“Privacy” doesn’t mean that no one in the world knows about your business. It means that you get to choose who knows about your business.
Anyone who pays attention will see that kids do, in fact, care a whole lot about their privacy. They don’t want their parents to know what they’re saying to their friends. They don’t want their friends to see how they relate to their parents. They don’t want their teachers to know what they think of them. They don’t want their enemies to know about their fears and anxieties.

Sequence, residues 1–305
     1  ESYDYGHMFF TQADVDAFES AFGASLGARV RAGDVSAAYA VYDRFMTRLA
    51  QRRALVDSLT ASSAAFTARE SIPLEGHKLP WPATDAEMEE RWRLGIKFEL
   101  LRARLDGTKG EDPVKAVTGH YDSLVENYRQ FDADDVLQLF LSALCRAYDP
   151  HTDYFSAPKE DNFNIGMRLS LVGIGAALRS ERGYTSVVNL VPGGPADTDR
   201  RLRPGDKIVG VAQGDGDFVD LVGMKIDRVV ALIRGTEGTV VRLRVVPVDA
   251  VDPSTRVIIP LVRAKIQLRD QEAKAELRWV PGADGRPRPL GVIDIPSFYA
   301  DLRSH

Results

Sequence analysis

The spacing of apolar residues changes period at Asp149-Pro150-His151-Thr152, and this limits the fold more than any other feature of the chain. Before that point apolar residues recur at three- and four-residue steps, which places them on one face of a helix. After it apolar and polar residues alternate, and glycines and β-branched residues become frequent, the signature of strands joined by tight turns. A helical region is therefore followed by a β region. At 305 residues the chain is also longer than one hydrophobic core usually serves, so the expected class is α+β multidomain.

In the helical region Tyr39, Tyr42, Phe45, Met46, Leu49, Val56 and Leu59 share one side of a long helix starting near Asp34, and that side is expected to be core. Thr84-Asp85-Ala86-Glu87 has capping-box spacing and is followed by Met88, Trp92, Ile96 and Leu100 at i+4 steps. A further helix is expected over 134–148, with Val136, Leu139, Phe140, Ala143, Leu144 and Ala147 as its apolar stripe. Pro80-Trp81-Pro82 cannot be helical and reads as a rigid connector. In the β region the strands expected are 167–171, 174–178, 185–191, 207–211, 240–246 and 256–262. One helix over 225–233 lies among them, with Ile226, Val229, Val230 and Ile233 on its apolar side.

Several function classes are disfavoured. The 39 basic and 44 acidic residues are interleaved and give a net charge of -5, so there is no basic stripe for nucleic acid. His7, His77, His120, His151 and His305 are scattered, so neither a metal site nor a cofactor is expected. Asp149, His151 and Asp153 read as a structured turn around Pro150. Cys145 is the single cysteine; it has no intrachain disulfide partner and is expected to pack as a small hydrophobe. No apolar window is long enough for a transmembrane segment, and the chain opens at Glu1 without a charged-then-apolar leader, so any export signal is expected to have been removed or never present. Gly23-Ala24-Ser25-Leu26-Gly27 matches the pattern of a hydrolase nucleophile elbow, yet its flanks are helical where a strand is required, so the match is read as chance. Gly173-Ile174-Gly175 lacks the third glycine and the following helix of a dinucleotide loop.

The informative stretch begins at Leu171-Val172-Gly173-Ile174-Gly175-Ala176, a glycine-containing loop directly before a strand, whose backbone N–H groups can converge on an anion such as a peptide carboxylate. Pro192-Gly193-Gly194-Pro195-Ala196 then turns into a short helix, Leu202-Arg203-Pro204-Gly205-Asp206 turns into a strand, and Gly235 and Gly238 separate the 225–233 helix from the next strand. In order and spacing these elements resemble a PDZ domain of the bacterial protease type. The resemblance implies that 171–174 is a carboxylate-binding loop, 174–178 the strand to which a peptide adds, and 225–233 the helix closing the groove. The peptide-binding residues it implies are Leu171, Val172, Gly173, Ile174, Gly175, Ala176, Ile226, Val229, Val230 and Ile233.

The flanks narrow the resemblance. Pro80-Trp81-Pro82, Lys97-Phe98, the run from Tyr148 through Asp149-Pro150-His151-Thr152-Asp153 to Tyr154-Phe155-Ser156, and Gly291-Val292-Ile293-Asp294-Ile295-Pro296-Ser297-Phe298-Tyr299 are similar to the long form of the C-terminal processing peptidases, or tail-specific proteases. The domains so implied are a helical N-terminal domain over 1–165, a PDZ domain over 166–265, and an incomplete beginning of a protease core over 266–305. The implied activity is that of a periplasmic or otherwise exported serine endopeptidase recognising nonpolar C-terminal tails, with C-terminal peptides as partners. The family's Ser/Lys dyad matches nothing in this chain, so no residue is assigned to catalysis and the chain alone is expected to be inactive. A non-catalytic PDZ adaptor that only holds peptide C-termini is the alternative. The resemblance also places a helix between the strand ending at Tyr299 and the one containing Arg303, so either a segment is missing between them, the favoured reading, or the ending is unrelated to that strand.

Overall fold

This isn’t what we hear from people who want to invade kids’ privacy though. Facebook is a company whose business model is based on the idea that if they spy on you enough and trick you into revealing enough about your life, they can sell you stuff through targeted ads. When they get called on this, they explain that because kids end up revealing so much about their personal lives on Facebook, it must be OK, because digital natives know how the Internet is supposed to be used. And when kids get a little older and start to regret their Facebook disclosures, they are told that they, too, just don’t understand what it means to be a digital native, because they’ve grown up and lost touch with the Internet’s true spirit.